Thanks to anyone who voted! We're moving on to round 2! This was ours...
A lot of people have said, "I knew this one was you." Maybe becuase they know I love a wood project,
or maybe because they know I wasn't capable of any of the other amazingness.
Honestly, I was like, "Am I on project runway?" These people are basically profesh!
Anyhoo, I'm really excited that I had a reason to get right on this project.
I'd been wanting to copy this pottery barn shelf for a while.
I started with 3- 1x6's, some gorilla wood glue, some spray paint, sand paper, etc....
A 1x6 is actually a little less than that. You can make them this deep, but the pottery barn one is 5" deep, so I shaved a little off with a table saw. Not necessary, but I did it.
Then I cut 4 pieces, 23.5" long, then sanded them.
Then I cut 2 pieces, 25" long for the outside. I set them aside.
Then I trimmed the rest of the wood 1/4", lengthwise with the table saw because the verticals are actually a little less deep in the picture, and I wanted it to be similar.
Can you tell what I mean from the bottom, right corner in this picture?
From this narrower wood, I cut 9 pieces in 5 inch segments, so I had 9 pieces, 5"x 4.75 " Then sanded.
Then I glued 3 short pieces, onto a horizontal piece (23.5").
I spaced them out evenly, leaving 4 sections that are about 5.5" wide.
I marked about where they would go, then used some wood glue, from gorilla glue.
My partner, Cheri, suggested this brand, and I was really happy with it.
Then I turned it on it's side, used a square to shore it up and nailed it in from the bottom.
Soon, I had this. You can see the board weren't perfectly straight, but it turned out fine in the end.
Then I put glue down, another board, and nailed it in.
For the next set of small vertical pieces, I toe-nailed them in (at an angle).
I continued, until I had this:
I put the top on, next up, were the sides.
Then I took my 25" pieces and drew the curve I wanted on the top.
This needed to be cut with a jig-saw, which is my favorite saw, by the way.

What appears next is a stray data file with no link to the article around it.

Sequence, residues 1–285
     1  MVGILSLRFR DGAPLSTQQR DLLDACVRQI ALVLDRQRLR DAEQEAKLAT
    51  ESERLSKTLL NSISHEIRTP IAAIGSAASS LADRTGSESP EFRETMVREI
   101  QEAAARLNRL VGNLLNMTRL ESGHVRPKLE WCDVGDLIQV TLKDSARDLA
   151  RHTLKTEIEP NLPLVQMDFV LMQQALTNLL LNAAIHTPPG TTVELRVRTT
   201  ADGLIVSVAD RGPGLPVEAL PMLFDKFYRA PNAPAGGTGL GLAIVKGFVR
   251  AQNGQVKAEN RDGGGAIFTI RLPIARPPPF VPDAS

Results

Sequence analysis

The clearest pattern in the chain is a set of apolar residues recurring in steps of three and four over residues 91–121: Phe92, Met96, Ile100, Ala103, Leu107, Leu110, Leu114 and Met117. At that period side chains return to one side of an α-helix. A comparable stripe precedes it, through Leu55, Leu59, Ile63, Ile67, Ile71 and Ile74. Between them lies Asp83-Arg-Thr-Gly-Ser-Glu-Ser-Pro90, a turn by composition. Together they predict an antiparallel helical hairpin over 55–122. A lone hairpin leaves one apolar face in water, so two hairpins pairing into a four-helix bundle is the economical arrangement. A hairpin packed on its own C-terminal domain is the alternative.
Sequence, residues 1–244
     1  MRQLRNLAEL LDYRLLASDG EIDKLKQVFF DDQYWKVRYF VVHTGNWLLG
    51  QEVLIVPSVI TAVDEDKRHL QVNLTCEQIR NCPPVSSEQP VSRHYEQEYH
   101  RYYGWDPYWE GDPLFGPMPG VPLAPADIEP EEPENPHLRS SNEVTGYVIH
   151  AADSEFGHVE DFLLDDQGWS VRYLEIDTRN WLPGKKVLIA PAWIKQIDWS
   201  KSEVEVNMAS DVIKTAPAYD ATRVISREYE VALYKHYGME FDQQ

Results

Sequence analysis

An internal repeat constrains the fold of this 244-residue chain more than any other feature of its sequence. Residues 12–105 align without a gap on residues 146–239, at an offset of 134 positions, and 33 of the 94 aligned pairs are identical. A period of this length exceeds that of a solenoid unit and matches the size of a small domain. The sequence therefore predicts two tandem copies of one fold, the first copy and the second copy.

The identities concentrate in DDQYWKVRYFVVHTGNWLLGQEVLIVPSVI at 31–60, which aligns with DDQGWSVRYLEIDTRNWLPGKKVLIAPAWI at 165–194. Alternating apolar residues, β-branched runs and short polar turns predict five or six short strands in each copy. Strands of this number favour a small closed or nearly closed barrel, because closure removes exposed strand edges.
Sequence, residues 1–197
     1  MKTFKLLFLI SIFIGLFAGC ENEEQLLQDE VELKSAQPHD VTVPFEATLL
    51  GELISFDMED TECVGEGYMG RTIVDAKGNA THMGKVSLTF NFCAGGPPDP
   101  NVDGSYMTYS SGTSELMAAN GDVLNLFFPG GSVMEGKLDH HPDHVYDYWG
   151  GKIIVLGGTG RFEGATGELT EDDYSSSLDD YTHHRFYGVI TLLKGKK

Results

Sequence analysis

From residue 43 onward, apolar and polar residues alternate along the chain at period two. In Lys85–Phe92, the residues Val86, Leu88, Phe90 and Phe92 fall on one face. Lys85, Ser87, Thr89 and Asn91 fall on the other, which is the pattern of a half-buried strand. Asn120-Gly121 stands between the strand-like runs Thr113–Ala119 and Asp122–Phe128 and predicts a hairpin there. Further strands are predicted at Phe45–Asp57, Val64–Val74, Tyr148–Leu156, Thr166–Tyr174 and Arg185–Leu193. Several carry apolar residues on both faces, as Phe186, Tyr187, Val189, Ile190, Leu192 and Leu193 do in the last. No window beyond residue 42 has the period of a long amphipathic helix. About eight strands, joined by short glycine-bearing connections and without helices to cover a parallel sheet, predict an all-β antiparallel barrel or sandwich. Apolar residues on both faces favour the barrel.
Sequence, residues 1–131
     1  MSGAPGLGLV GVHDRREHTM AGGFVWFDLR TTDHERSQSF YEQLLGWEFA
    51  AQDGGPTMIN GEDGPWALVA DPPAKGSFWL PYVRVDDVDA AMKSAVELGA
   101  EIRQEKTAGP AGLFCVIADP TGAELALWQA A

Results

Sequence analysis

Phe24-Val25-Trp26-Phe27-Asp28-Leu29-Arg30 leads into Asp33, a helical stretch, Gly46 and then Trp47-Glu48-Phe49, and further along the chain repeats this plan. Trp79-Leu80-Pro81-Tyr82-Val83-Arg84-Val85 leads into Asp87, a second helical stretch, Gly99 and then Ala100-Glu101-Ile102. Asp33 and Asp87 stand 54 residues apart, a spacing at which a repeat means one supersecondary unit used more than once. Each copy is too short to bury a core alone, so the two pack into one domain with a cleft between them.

Sides were nailed on, then I gave it all one more sanding.
Then I cut a piece if 1/4 inch plywood to 25" by 19.5" for the back.
The next day, I primed,
I used sand paper and a glaze/paint mixture to rough it up and make it look weathered, like the original.
In the pottery barn description it says they are hand painted numbers, so that's what I tried to copy.
I made a fancy template out of a 4x6, then penciled on the ovals.
Then I printed out numbers and placed them over the wood.
I used an exacto knife to make guide marks for the numbers.
Then I painted them on the best I could.
My sister helped with all of the cute packaging.
I just couldn't say "we" in the description, or it would give us away.
We combined our wrapping resources, made a mess and came up with 12 gifts.
I'm really happy with the result.
I knew this shelf could be used for so many things, I just threw a few things on there to show you.
I wanted it to be a "12 day's of Christmas" shelf, for now. My mentor and star (indeed she is) told me a story of a Christmas family tradition where you anonymously give a present, each of the 12 days before Christmas. How perfect is that! I have been wanting to think of ways to get my kids more focused on giving instead of receiving! (They are already telling me what they want!) That way, this can hang in our home, and be a reminder of service and giving, and each day, as the shelf gets emptier, our excitement will grow. I can't wait to make this a tradition in my home and for this shelf to serve as a reminder of giving! Thanks Cheri, and thanks to Tam for giving me the motivation I needed!
Now here's the theme for round 2:
Possibilities are endless. I can't seem to pin down an idea yet.